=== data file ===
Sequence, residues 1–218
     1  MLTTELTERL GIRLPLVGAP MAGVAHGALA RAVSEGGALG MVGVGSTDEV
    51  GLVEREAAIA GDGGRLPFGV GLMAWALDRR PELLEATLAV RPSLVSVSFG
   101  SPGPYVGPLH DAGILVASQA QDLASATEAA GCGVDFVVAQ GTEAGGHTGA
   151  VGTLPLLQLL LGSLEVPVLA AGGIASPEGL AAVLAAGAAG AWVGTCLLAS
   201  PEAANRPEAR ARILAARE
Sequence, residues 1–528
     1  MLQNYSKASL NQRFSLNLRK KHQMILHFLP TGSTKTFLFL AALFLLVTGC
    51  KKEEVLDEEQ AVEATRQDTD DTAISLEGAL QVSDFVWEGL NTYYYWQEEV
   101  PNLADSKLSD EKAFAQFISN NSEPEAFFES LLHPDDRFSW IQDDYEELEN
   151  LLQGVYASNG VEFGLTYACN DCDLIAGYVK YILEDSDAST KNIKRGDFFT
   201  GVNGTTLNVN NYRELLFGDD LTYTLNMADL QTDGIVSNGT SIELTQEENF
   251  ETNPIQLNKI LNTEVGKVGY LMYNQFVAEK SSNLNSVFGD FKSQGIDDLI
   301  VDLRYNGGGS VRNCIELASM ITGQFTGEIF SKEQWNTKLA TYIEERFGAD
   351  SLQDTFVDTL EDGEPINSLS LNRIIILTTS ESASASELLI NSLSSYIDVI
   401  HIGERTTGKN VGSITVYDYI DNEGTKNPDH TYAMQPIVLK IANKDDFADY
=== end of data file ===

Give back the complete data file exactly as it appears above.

Sequence, residues 1–218
     1  MLTTELTERL GIRLPLVGAP MAGVAHGALA RAVSEGGALG MVGVGSTDEV
    51  GLVEREAAIA GDGGRLPFGV GLMAWALDRR PELLEATLAV RPSLVSVSFG
   101  SPGPYVGPLH DAGILVASQA QDLASATEAA GCGVDFVVAQ GTEAGGHTGA
   151  VGTLPLLQLL LGSLEVPVLA AGGIASPEGL AAVLAAGAAG AWVGTCLLAS
   201  PEAANRPEAR ARILAARE
Sequence, residues 1–528
     1  MLQNYSKASL NQRFSLNLRK KHQMILHFLP TGSTKTFLFL AALFLLVTGC
    51  KKEEVLDEEQ AVEATRQDTD DTAISLEGAL QVSDFVWEGL NTYYYWQEEV
   101  PNLADSKLSD EKAFAQFISN NSEPEAFFES LLHPDDRFSW IQDDYEELEN
   151  LLQGVYASNG VEFGLTYACN DCDLIAGYVK YILEDSDAST KNIKRGDFFT
   201  GVNGTTLNVN NYRELLFGDD LTYTLNMADL QTDGIVSNGT SIELTQEENF
   251  ETNPIQLNKI LNTEVGKVGY LMYNQFVAEK SSNLNSVFGD FKSQGIDDLI
   301  VDLRYNGGGS VRNCIELASM ITGQFTGEIF SKEQWNTKLA TYIEERFGAD
   351  SLQDTFVDTL EDGEPINSLS LNRIIILTTS ESASASELLI NSLSSYIDVI
   401  HIGERTTGKN VGSITVYDYI DNEGTKNPDH TYAMQPIVLK IANKDDFADY